How many times a week do you find yourself riding in a lift? Perhaps you have a lift at your office or place of work, or maybe you go shopping at the weekends and take the lift at the shopping centre to reach the floor you need. Most of us don’t stop to think about the worst case scenario when using lifts, but unfortunately they can and do break down. If the worst happens, you could be forced to climb out of a lift if it is stuck between floors, or trapped in a lift as it plummets between floors (although it has to be said, this is extremely unlikely).
Usually when there is a fault with a lift, it is repaired fairly quickly and easily by maintenance workers, but if you have been injured in an accident in a lift then you could find you’re able to make a claim for faulty lift injury compensation. This could apply if you have been injured in a lift at home (in your apartment building, for example), at school or university, at work or even in a public place such as a leisure or shopping centre.
What happens when lifts go wrong?
The good news is that lifts very rarely plummet between floors like they do in horror films. You’re far more likely to sustain a minor injury in a lift, although you could sustain serious injuries if the lift has not been properly maintained. Here are a few examples of the most common types of lift injuries which you could make a personal injury claim for:
- Electric shock from lift buttons
- Trapping your arm or leg in a faulty lift door
- The ceiling or lights in the lift falling on you
- Lift plummeting due to faults with the lift cables
You might think it’s probably safer to take the stairs, right? Well, maybe not. According to a survey by Consumerwatch.com, lifts are still safer than stairs – the elevator fatality rate is on average 27 deaths a year (that’s out of an estimated 1.8 billion passenger trips). Meanwhile, around 1,600 people a year die after falling down stairs.
So how dangerous are lifts really?
If you are injured in an accident in a lift then you may be considering claiming faulty lift injury compensation not only for your physical injuries but also for psychological trauma. You may feel unable to use lifts in the future, which can impact both your personal and professional life, particularly if you work in a building which has many floors. But how dangerous are lifts really? Since 2002, HSE figures show that 266 people have been injured in ‘elevator accidents’, with four people killed. Lift accidents are, thankfully, fairly rare, and all lifts across Europe are governed under the Lifts Directive, which states that passenger lifts must be examined and tested every six months. If you have been unlucky enough to be injured in a lift, you could make a personal injury claim if you have had to seek medical attention for your injuries – but who would be to blame?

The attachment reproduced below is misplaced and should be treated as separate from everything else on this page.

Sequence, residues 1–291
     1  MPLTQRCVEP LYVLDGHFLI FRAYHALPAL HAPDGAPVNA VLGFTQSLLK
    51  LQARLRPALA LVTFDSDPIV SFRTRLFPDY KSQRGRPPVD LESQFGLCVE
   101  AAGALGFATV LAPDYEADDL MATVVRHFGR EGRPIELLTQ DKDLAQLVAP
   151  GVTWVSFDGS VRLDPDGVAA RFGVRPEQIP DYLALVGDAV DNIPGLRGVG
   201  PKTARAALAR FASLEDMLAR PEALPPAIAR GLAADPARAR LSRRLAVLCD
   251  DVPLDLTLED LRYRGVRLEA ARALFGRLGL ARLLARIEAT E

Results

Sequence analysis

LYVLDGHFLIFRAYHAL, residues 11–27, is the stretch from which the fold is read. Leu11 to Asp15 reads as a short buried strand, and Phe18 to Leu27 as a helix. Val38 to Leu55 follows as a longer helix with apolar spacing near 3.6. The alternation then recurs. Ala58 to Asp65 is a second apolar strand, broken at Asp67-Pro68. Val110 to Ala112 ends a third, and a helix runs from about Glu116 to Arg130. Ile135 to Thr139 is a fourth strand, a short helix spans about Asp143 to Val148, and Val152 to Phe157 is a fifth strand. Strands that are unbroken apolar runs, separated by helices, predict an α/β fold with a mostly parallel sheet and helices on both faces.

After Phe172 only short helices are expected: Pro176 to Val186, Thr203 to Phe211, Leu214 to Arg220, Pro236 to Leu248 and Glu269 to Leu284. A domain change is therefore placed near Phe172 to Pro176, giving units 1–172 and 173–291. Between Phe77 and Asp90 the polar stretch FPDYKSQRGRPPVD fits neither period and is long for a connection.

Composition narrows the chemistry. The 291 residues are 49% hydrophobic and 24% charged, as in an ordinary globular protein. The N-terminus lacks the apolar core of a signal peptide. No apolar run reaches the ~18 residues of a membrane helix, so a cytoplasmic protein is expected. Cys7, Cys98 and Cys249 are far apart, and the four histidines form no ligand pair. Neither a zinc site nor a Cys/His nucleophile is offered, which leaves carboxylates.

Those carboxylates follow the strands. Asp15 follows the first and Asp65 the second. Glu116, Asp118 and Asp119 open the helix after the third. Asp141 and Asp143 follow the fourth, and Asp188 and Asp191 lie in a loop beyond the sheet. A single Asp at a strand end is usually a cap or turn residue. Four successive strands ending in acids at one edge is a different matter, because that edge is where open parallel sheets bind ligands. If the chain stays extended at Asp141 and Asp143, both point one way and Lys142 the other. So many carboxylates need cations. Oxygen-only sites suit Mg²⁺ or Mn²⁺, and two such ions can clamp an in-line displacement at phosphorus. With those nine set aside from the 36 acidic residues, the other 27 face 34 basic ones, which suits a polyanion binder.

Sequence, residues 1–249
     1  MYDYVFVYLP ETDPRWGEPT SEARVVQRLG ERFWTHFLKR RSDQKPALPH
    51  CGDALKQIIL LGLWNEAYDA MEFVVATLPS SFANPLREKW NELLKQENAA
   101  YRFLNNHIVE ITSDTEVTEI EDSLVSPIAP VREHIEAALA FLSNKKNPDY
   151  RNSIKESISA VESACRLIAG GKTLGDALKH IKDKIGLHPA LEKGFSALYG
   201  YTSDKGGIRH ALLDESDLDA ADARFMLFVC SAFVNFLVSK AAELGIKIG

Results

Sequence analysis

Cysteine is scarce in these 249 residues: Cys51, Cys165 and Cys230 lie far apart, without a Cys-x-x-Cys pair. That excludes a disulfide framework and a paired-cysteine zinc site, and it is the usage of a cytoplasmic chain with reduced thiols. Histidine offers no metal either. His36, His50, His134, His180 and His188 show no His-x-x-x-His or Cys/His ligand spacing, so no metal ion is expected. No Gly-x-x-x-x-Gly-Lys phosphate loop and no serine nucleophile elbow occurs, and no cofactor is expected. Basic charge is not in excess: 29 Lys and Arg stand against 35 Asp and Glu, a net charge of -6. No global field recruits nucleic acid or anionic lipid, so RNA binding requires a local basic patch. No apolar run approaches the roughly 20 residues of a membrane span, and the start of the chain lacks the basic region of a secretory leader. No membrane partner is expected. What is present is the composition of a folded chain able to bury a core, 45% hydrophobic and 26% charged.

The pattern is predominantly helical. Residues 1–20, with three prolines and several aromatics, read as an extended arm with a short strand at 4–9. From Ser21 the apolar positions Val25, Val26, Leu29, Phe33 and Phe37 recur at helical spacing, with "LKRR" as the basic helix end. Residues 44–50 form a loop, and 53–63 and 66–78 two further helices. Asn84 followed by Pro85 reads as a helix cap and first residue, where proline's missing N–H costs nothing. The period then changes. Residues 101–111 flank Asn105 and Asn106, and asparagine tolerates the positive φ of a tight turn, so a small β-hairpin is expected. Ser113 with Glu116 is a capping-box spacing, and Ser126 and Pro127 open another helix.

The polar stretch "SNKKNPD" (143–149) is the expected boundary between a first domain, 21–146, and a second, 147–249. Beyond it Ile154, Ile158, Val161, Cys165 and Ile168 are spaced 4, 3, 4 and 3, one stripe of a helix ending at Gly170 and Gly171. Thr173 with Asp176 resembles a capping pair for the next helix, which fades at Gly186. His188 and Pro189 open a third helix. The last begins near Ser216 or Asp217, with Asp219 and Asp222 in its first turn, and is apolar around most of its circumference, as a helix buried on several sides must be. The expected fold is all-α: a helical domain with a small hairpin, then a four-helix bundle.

Claiming faulty lift injury compensation
Usually the person or company responsible for servicing the lift would be at fault if you were injured and pay faulty lift injury compensation, but if the building owner has failed to report faults or organise maintenance and repair appointments, then they could ultimately be held liable for your injuries. Either way, if you have suffered injuries such as a head injury from a falling light or an arm injury from a faulty lift door, you could find yourself in a position to make a personal injury claim with Accident Advice Helpline. Injuries can, in rare cases, be extremely severe – like the case of the 31-year-old shelf-stacker at a supermarket who ended up losing five toes after trapping his right foot in a faulty lift shaft for ten minutes at work. But even if you have suffered minor injuries, you could still be eligible to claim faulty lift injury compensation, so don’t feel that you have to suffer in silence.
What is more dangerous, a lift or an escalator?
We hear news about accidents on escalators all the time, but which is really more dangerous to use, a lift or an escalator? Well, escalators caused on average around two deaths per year in the US (24 deaths in total from 1992-2003), according to a study by the Consumer Product Safety Commission, so it’s safe to say that escalators are the safer option when it comes to choosing between the two. However, despite the fact that there is seemingly more which could go wrong with lifts, it’s important to remember that lifts are regularly serviced by maintenance companies, so accidents are still fairly rare.
Will your claim for faulty lift injury compensation be successful?
Whenever you make a claim for personal injury compensation, you are trusting the personal injury lawyer you choose with your claim, which is why it’s so important to choose a reputable and experienced lawyer. There have been extreme cases where somebody has been successful in claiming compensation after questionable injuries, like the woman who claimed compensation for a ‘direct psychiatric injury’ after being stuck in a lift in a Dublin shopping centre for just four minutes.
But most people will make a claim for minor injuries, and it’s best to find a personal injury lawyer who will handle your claim without charging any upfront fees. Accident Advice Helpline’s lawyers work on a 100% no-win, no-fee* basis, which means we will only take on your claim if we think there is a good chance of success. However you have been injured, you can get in touch with us to see if you have a viable claim for faulty lift injury compensation. Just call us on 0800 689 0500 (or 0333 500 0993 from a mobile) to get advice from our expert advisors on a no-obligation basis. You could even take the 30-second test on our site for an idea of how much compensation you could receive if your claim is successful.